You need to create an aura around your product which goes beyond the technicalities of the product: Michael Perschke, MD, Audi India
You need to create an aura around your product which goes beyond the technicalities of the product: Michael Perschke, MD, Audi India

The first time most Indians heard of the Audi was in 1985, when cricketer Ravi Shastri won an Audi 100 on being adjudged the best player in a World Championship Series tournament in Australia. More than 25 years later, Perschke still makes it a point to mention this association. Audi also makes much of other celebrities who use its brand - actor John Abraham, for instance, or industrialists Rahul Bajaj and Baba Kalyani. Mercedes has never played up such associations. "You need to create an aura around your product which goes beyond the technicalities of the product," says Perschke. With a happening Facebook page and trendy-looking vehicles, Audi has also been able to project a more youthful image than Mercedes - often called 'an old man's car'.

Mercedes could well recover if it learns the right lessons, since analysts believe the contest is still open. "Most luxury car buyers are first time buyers and ready to experiment," says Kumar Kandaswami, Senior Director at Deloitte. "The top position is not decided and may change in coming years."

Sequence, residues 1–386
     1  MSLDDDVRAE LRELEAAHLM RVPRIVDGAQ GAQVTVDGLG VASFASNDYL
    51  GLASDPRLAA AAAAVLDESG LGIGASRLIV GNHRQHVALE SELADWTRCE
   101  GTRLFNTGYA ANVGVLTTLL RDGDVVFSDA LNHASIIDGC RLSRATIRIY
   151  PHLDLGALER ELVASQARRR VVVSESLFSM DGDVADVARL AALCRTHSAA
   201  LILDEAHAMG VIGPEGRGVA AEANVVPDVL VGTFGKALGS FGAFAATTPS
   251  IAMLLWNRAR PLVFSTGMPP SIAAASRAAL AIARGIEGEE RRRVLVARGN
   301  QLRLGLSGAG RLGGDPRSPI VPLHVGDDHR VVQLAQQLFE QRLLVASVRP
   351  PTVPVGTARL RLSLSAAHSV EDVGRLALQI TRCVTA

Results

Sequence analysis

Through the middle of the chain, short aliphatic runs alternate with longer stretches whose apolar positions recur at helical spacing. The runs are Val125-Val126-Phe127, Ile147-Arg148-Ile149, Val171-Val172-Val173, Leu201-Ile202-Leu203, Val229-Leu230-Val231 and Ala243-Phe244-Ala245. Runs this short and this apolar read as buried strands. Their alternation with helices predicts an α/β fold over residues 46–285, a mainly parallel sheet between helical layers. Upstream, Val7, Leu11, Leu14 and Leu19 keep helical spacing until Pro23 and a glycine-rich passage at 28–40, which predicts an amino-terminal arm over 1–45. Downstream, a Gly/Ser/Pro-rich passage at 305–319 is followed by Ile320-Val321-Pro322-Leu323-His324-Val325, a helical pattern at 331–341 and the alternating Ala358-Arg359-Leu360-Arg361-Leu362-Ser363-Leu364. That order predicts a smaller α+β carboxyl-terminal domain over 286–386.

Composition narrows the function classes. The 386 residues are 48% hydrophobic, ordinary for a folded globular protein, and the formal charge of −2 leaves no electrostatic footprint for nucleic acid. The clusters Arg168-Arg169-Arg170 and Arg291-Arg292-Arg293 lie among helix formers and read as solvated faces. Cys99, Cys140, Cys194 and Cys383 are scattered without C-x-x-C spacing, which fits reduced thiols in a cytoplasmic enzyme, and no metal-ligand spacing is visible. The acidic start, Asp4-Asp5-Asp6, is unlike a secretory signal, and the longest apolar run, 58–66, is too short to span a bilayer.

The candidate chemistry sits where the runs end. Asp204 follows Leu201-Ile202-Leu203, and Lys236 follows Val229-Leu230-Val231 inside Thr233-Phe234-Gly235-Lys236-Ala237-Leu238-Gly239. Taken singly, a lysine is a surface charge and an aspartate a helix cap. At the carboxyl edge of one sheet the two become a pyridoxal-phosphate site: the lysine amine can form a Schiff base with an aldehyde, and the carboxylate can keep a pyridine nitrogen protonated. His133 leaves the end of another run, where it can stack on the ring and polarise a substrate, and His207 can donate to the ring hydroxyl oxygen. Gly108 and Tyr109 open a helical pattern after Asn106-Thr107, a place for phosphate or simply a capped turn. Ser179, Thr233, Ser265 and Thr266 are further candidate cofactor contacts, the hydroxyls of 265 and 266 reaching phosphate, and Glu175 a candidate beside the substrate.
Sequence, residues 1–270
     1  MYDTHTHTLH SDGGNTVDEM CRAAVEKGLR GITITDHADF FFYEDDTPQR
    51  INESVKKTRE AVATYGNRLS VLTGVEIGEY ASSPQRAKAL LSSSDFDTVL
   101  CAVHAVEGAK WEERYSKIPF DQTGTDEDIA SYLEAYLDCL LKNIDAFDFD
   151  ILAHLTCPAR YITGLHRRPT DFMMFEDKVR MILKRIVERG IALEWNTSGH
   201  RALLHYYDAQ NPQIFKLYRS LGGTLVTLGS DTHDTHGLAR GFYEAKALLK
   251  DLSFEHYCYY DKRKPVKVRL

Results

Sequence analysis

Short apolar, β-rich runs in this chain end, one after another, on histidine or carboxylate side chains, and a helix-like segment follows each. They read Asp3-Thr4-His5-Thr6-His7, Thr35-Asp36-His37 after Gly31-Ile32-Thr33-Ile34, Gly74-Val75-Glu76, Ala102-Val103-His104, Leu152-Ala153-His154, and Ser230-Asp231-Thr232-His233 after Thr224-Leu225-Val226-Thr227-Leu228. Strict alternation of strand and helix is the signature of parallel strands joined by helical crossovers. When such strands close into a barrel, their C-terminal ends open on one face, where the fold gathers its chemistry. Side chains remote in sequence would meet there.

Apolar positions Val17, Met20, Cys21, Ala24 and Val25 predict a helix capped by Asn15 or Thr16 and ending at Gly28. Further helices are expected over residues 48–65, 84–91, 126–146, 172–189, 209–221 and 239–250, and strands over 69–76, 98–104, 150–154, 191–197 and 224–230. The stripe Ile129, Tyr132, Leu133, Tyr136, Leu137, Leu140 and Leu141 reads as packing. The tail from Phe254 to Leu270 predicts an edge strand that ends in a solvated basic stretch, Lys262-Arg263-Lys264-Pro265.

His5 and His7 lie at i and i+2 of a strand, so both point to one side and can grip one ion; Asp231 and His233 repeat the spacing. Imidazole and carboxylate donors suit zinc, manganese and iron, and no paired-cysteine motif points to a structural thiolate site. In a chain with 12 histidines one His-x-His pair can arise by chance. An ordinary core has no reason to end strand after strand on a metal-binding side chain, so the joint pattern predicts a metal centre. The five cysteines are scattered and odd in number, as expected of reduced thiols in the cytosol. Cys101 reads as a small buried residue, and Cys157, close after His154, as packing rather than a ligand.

By Manu Kaushik

In January, the newly appointed Tata Sons Chairman, Cyrus Mistry, missed an IndiGo flight from Mumbai. The low-cost carrier had the temerity to bar Mistry from boarding the flight because he reached the check-in counter late, says a person familiar with the incident. IndiGo executives refuse to comment, saying only that the airline operates on a strict timetable and that this is precisely what has made it popular among corporate bigwigs such as Wipro Chairman Azim Premji and Bajaj Auto Managing Director Rajiv Bajaj. But it illustrates the obsession with on-time performance that is the most defining characteristic of the country's largest lowcost airline by market share.

93% - IndiGo's on-time performance record in November 2012

No doubt it takes a lot more to run an airline profitably - good customer service, competitive fares, high capacity use, and a tight control on costs - especially at a time when most carriers, including IndiGo's nearest competitor SpiceJet, are deep in the red. IndiGo, based in Gurgaon, scores on all these points. "Our strength lies in on-time performance, low fares and hassle-free service," says President Aditya Ghosh.